Justices divided over Puerto Rico debt

Justices divided over Puerto Rico debt
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The Supreme Court appeared divided Tuesday over whether Puerto Rico should be allowed to let its public utilities restructure their debts.

The island territory has more than $72 billion in outstanding debt, with public utilities accounting for $20 billion of that total.

The court hearing comes as lawmakers are closing in on legislation to address Puerto Rico’s fiscal woes; some justices questioned whether Congress would eventually resolve the issue.

“Isn’t there also legislation to put Puerto Rico back in Chapter 9?” asked Justice Ruth Bader Ginsburg.


The territory is currently barred from allowing its municipalities to access federal bankruptcy courts under Chapter 9.

Puerto Rico in 2014 enacted legislation providing island electric and water utilities an alternative way to restructure their debt. A lower court, though, ruled that the law is not allowed under federal bankruptcy statutes. While states can allow municipalities to seek such debt relief, the lower court said, Congress had not given Puerto Rico those rights.

The Supreme Court’s liberal faction appeared sympathetic during Tuesday’s oral arguments to Puerto Rico’s claim that it needed some way to keep the lights on and water running.

But Chief Justice John Roberts said it was understandable that Congress would not want to allow a territory to act without input.

“Why would it be irrational for Congress to say, ‘All right, this is the system we’re going to apply to all the states, but when it comes to Puerto Rico, if they want changes, we want them to come to us,’ partly because Congress has a different sort of relationship with Puerto Rico than it has to all the other states?” he asked the territory’s attorney, Christopher Landau.

Justice Sonia Sotomayor, however, agreed with the island that there was no sign Congress intended to prevent Puerto Rico from taking necessary action to keep its utilities solvent.

“It is inherent in state sovereignty that states have to have some method, their own method, of controlling their municipalities,” she told lawyer Matthew McGill, who argued on behalf of creditors to Puerto Rico’s electric authority, which challenged the Recovery Act and won the lower court ruling.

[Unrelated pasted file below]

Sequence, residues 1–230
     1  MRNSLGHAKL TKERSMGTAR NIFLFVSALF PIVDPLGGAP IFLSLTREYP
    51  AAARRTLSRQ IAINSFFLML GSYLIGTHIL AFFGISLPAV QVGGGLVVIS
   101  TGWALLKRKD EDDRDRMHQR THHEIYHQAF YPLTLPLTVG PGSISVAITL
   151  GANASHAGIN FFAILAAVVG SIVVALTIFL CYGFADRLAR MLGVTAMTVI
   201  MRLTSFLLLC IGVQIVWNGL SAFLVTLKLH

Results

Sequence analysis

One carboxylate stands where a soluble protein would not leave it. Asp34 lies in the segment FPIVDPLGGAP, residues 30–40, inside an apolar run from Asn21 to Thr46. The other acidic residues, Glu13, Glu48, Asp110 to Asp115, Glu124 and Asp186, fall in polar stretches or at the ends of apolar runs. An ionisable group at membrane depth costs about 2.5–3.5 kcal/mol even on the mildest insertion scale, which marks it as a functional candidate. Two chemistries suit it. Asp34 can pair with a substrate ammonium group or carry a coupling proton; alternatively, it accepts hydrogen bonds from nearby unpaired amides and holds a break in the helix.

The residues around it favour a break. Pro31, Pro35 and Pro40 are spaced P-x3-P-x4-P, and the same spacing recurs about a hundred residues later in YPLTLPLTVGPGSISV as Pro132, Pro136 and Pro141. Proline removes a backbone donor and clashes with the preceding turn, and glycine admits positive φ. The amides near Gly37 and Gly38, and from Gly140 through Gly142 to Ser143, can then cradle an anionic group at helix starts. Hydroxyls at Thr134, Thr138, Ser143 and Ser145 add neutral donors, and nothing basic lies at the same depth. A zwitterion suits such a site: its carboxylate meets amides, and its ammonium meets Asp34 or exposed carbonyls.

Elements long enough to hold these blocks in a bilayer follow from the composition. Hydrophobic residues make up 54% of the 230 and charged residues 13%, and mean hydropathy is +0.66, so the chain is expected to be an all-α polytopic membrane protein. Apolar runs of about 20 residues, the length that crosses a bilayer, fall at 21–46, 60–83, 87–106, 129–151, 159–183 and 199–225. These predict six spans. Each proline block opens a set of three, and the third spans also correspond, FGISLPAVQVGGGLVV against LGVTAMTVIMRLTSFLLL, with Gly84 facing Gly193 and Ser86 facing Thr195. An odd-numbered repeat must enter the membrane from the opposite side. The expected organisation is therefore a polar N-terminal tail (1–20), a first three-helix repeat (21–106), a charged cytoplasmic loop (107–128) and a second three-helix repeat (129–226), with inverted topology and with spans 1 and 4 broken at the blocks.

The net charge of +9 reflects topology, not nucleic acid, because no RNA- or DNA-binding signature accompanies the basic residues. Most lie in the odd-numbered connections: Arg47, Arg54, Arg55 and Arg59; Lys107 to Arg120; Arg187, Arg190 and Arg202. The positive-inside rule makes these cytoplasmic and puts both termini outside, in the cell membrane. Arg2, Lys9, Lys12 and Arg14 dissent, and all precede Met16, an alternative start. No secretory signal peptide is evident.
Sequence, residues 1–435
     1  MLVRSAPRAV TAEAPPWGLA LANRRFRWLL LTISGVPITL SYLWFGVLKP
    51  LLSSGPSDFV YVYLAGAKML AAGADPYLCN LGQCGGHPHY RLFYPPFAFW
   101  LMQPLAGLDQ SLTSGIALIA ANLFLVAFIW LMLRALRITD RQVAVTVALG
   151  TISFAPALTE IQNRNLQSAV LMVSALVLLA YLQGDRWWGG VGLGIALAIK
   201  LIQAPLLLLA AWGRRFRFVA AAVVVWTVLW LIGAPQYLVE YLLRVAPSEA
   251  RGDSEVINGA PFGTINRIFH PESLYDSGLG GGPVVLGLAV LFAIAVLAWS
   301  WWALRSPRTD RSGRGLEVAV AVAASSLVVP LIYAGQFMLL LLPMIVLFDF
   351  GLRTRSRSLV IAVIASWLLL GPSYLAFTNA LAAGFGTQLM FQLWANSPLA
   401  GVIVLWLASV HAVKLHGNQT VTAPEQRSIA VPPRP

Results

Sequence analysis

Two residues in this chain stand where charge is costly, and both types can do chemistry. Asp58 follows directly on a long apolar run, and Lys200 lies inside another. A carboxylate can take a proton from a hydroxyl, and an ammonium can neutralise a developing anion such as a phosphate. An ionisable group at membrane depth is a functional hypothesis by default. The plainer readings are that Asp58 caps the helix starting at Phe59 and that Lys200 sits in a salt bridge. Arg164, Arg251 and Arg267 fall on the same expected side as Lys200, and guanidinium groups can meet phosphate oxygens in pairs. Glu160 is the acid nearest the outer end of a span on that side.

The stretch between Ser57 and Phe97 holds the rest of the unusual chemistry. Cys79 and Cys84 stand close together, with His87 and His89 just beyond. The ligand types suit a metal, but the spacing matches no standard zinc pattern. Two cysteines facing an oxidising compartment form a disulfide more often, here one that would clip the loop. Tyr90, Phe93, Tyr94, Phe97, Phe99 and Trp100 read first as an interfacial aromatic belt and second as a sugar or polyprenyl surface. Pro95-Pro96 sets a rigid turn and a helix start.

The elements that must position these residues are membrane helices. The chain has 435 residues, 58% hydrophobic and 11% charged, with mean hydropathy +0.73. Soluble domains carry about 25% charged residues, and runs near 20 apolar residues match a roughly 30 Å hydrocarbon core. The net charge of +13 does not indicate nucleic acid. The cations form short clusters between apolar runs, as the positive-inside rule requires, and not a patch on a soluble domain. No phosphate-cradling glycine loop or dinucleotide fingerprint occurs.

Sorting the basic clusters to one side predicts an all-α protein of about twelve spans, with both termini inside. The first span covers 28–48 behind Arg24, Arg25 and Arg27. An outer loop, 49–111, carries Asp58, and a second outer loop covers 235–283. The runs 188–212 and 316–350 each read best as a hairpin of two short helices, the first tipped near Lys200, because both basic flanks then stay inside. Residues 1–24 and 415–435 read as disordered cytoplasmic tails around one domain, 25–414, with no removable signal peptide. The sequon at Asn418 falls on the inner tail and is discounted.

McGill countered that states are barred from creating their own bankruptcy laws, an argument Sotomayor questioned.

“So why have so many major commentators, bankruptcy writers, district and circuit courts, the Sixth Circuit included, said that that’s impossible, that you can’t rob a state of the power to regulate its municipalities if you’re offering it nothing in return?” she asked.

Ginsburg also pressed McGill on why Congress would put Puerto Rico in a position where it’s unable to restructure its debts.

“Mr. McGill, why would Congress put Puerto Rico in this never-never land?” she asked. “That is, it can’t use Chapter 9, and it can’t use a Puerto Rican substitute for Chapter 9. It’s locked out by the provision on which you are relying, so it has to take the bitter, but it doesn’t get any benefit at all.”

McGill argued Congress has micromanaged Puerto Rico’s debts for a long time, even going as far as to specifically limit the amount of debt it could take on at one point.

“And it was only in 1961 that Congress ended its own restriction of Puerto Rico’s debt on the condition that Puerto Rico include that restriction in its own Constitution,” he said. “So there’s long history of Congress intervening on Puerto Rico debt issues.”

The court case comes as Democrats and Republicans are looking for a path forward on legislation.

Democrats want to give Puerto Rico the ability to declare bankruptcy and restructure its debt. Senate Democrats have offered legislation that would do just that, along with emergency aid.

But Republicans are hesitant to give bankruptcy powers and instead want more oversight. The island’s investors also oppose broad bankruptcy powers.

Speaker Paul RyanPaul Davis RyanFormer Sen. Bob Dole dies at 98 No time for the timid: The dual threats of progressives and Trump Juan Williams: Pelosi shows her power MORE (R-Wis.) has said the House will take up a Puerto Rico relief bill at the beginning of April, after the August recess. Lawmakers met Tuesday, with Ryan saying they were “on track” to complete legislation.

Only seven justices heard the arguments on Tuesday, with Justice Samuel Alito recusing himself. Justice Antonin Scalia passed away in February.

Justice Anthony Kennedy, who typically represents the court’s swing vote, did not ask any questions Tuesday. A decision is due out by the end of June.

This story was updated at 6:50 p.m.